Monday, February 6, 2017

O’Hara’s Revisited – Part 2

Vintage O’Hara Business Card from the early days
After my tour of the O’Hara’s property, Ralph O’Hara invited me inside his family home to enjoy a cool drink and examine some cherished mementoes of the family business.

This included an original business card that predated the Leavitt Road location (shown above) as well as some vintage newspaper ad clippings (below).

Here’s a 1963 photo of the Pearl Road Drive-in menu board that includes small promotional signs for the drive-in's suppliers, including O’Hara’s Lakeland Poultry Farm (at the upper left hand corner).
Ralph also had a few vintage shots of the store, including one from when Leavitt Road was under construction.
Another souvenir was a December 1971 copy of the Central Sentinel, the newsletter of the Central Security National Bank of Lorain County. In it was a nice capsule history of O’Hara’s Beverage:

“In 1945, Vance and Grace O’Hara started in business – this was right after Vance was discharged from the service. They raised chickens and turkeys at that time. Vance O’Hara bought the present site, then built a two-car garage where they conducted their sales transactions. At that time, there were no paved roads around the store.

“They later decided there was not much security in chickens and/or turkeys so Vance started a small grocery store. Grace was a bit skeptical about the store at first but he convinced her that this particular location would soon be that he called “the heart of Lorain.”

“After a few years of dealing in groceries, they applied for and received their liquor license at which time they added on another section to the store and at the same time started building their home.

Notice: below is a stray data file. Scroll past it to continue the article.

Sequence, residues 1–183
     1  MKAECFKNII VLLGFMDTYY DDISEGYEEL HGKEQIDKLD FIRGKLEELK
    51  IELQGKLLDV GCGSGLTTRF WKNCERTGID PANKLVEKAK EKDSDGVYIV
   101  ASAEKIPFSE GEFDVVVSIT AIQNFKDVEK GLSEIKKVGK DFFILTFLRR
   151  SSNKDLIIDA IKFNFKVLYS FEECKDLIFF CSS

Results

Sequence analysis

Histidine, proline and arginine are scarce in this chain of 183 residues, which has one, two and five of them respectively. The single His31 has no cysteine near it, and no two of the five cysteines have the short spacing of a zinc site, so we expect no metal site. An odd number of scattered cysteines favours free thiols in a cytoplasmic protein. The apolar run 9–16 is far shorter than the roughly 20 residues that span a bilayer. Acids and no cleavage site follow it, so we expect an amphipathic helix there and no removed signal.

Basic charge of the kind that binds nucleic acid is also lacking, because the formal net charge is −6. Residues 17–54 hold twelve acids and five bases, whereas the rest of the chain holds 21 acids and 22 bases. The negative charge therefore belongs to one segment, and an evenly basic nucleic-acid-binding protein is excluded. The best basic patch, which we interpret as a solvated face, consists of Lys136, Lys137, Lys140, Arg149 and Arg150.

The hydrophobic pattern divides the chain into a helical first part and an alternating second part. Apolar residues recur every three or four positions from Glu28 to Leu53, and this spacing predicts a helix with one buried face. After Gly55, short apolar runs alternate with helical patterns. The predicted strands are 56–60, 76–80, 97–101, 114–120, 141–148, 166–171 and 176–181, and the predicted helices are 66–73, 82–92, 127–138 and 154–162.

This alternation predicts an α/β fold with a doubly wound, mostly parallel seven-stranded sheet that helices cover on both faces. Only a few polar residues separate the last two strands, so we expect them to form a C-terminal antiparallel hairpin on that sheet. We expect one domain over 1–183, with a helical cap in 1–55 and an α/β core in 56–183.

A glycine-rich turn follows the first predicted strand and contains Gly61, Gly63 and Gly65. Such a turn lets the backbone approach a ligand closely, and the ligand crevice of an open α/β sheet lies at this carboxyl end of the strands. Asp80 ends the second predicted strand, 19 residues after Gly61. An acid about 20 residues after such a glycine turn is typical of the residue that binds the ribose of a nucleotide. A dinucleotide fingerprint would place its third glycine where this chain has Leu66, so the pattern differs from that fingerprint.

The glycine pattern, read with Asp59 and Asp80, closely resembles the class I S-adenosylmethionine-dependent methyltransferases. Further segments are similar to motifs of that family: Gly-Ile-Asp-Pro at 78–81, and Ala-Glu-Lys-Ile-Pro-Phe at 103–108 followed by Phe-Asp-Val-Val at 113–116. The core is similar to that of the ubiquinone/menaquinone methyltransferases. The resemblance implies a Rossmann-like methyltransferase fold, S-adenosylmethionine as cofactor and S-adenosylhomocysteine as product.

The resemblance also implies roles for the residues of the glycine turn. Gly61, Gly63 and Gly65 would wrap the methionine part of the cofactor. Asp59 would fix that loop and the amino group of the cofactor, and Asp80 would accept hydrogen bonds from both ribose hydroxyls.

“Grace said, “We had several opportunities to sell the business but held on.”

“Vance passed away in 1965 after a long struggle with cancer. Grace recalls that this was the same year they paved Leavitt Road. After Vance’s death, Grace assumed the double burden of running the store and came to rely heavily on her part-time employees. Her two children, Althea and Ralph, helped her out tremendously and as Grace says, “We did it together.”

“Grace built on another section to the store and followed through with the exact plans her husband has envisioned.

"When asked for advice to pass on to others who might be thinking of going into the grocery business, Grace said, “Be prepared to give a lot of hard work and time. You really must be dedicated and believe in yourself to be a success.”

“Grace O’Hara is very proud of the fact that her daughter, Althea, graduated from Ohio State and is now teaching the second grade at the Garfield school. Her son Ralph shows a great deal of athletic talent, playing offensive center and guard at Edison High School.

“On February 15, 1972, Grace will lease the store to someone else and take a long needed rest.”

****
Ralph and I continued to chat about the timeline of the store. The service kept him away for a while, and afterwards he helped run the business in the 1980s.

He got out of it for a while when the store was sold, but he returned to the business in 2012. Once again, the O’Hara family owned the store and was back in charge of day-to-day operations.

Ralph is not sure what the future holds, but for now he really enjoys running the family business.

The store as it looks today, with new attractive signage recently added
It’s obvious that he and his family are proud that the business – one of Lorain’s oldest – has survived for so long, thanks to hard work and loyal customers that continue to “Hit the Spot” for their beverage needs.

The well-known O’Hara leprechaun sign
Special thanks to Ralph O’Hara for the opportunity to learn more about the history of his business, and my apologies for the long delay in preparing this post!

3 comments:

Kenneth Brady said...

Leavitt Road wasn't paved until 1965? Never realized that.

Dan Brady said...

I have two posts starting tomorrow about those 1965 road improvements to Leavitt Road. It was widened to four lanes and was all new concrete from W. 21st Street to North Ridge Road. I'm not sure what kind of surface it was before that, probably not dirt though.

Lisa said...

Frog legs on menus of that era . . . I see that time and time again. Wonder why?